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My problem is that I have a number of network administration applications like SAN switches that do not support nested groups from Active Directory Domain Services (AD DS). These legacy administration applications use either LDAP or LDAPS.

I am fairly sure I can use Active Directory Lightweight Directory Services (AD LDS) and possibly Windows Authorization Manager to work around this issue; however I am not really sure where to start.

I want to end up with:

  • A single group that can be queried over LDAP/LDAPS for all it’s direct members
  • LDAP proxy for user name and password credentials to AD DS
  • Easy way to admin the group, ideally the group would aggregate the nested membership in AD DS.
  • a native solution using freely available components from the Windows stack.

If you have any suggestions or solutions that you have previously used to solve this issue please let me know.

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+1 This is a very interesting question. In the past we've had to make separate groups for legacy app's LDAP group support. Luckily, most/all of our apps have move past this restriction. A few supported the AD LDAP filter syntax for LDAP_MATCHING_RULE_IN_CHAIN e.g. (memberOf:1.2.840.113556.1.4.1941:=CN=SomeGroup,DC=example,DC=edu) but those were very limited. –  jscott Oct 1 '12 at 23:13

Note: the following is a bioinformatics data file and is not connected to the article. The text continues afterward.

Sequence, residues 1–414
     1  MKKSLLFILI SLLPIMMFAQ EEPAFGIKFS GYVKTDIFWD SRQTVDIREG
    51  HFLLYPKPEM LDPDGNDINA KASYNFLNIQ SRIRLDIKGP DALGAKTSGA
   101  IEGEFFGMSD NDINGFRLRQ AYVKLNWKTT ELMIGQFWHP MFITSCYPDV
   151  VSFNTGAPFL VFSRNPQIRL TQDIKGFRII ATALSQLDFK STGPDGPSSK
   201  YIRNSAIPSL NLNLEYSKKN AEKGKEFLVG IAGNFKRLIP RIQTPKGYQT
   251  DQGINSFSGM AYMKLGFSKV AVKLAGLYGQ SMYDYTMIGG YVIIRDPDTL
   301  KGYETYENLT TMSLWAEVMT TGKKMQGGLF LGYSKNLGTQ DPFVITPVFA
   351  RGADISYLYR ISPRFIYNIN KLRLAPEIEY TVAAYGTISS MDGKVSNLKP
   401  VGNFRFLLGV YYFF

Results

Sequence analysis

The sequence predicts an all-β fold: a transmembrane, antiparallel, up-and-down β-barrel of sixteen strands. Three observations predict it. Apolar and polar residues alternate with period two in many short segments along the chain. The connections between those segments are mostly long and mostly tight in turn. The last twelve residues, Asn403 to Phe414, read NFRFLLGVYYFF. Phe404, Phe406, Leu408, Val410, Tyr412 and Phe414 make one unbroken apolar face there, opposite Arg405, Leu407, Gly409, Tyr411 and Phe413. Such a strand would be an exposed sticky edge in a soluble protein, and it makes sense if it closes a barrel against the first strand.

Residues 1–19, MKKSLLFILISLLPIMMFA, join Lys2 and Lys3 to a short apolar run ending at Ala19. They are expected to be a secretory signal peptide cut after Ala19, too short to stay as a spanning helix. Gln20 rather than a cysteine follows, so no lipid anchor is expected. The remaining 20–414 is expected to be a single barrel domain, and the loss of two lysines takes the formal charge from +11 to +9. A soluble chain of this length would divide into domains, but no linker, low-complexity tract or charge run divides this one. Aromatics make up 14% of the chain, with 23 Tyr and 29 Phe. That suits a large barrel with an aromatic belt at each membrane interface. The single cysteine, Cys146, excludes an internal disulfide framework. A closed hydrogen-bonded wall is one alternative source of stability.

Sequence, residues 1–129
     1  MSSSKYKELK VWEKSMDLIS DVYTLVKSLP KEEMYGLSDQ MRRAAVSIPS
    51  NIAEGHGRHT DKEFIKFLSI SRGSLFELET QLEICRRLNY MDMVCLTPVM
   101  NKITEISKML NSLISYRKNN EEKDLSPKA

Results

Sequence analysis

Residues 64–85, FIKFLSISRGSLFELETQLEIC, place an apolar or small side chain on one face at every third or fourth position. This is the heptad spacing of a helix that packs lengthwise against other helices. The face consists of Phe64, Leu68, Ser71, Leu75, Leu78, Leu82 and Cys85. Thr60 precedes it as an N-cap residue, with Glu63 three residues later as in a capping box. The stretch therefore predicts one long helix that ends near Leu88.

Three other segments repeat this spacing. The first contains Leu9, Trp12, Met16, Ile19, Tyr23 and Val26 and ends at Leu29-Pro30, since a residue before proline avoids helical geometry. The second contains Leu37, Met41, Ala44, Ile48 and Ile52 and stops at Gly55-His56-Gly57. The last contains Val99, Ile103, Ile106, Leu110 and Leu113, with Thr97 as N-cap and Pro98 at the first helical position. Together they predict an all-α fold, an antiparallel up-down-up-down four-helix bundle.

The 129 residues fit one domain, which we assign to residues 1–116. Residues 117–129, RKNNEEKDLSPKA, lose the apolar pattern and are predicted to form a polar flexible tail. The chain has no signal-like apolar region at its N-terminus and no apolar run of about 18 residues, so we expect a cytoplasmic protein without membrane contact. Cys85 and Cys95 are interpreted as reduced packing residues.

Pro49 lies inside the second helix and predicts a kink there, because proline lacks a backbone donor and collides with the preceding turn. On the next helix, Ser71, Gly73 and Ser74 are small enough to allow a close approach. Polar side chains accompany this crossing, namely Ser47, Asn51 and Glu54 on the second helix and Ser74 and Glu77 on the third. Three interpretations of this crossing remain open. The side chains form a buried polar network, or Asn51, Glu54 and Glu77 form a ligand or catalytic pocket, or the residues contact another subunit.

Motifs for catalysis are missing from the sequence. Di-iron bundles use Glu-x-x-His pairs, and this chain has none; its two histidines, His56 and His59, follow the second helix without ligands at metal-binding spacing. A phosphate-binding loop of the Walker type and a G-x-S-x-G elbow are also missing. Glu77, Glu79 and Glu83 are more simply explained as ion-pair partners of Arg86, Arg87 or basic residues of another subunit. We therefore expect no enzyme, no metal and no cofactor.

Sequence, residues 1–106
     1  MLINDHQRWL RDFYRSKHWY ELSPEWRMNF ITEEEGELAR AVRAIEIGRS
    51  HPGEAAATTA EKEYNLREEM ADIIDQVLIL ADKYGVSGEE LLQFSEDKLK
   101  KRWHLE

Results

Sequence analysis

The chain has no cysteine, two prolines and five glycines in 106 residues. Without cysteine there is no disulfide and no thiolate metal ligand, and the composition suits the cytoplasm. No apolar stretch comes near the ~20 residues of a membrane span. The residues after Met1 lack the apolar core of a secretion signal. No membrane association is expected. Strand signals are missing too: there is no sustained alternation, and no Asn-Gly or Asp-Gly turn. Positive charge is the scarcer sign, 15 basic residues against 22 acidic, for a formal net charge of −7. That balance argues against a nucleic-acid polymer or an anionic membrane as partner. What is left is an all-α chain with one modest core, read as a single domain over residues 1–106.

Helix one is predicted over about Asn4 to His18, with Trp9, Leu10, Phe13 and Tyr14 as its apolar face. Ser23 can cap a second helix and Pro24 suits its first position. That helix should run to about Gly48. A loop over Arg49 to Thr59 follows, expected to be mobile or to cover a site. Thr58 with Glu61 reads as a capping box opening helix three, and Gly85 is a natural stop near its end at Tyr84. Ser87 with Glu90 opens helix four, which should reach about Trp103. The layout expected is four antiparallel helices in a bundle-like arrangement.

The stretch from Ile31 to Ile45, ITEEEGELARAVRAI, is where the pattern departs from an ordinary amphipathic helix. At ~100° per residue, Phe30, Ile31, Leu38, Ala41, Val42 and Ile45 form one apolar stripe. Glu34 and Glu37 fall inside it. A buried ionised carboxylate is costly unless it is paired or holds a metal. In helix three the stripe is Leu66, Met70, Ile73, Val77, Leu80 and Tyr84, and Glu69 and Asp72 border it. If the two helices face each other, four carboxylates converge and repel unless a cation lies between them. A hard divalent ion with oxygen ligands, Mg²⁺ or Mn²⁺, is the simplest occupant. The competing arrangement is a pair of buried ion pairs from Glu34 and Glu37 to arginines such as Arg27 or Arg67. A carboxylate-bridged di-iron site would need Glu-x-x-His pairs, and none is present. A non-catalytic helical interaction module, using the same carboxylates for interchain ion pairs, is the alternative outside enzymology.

@jscott +1 Yes, I looked at LDAP_MATCHING_RULE_IN_CHAIN but unfortunatley my LDAP clients don't support custom queries or additional filtering, just a group. –  Bernie White Oct 1 '12 at 23:25

1 Answer 1

up vote 3 down vote accepted

I had a similar problem at a previous job. We ended up doing what Jscott did, which was to create specific groups just for those special apps. These groups were created in batch-mode once a day (that was as often as we needed) based on what the nested-groups had in them. Unfortunately, I no longer have the source for that, but we leveraged a combination of dsquery and powershell to build these special groups.

$masterList=dsquery group $DNOfNestedGroup

The problem there is that this list will return both users and member-groups. The power-shell logic has to disambiguate and recurse into the child groups, only adding uniquely-new members to the master user list. Once you've build the master user list, you can then use dsadd to create (or update) a group with static membership.

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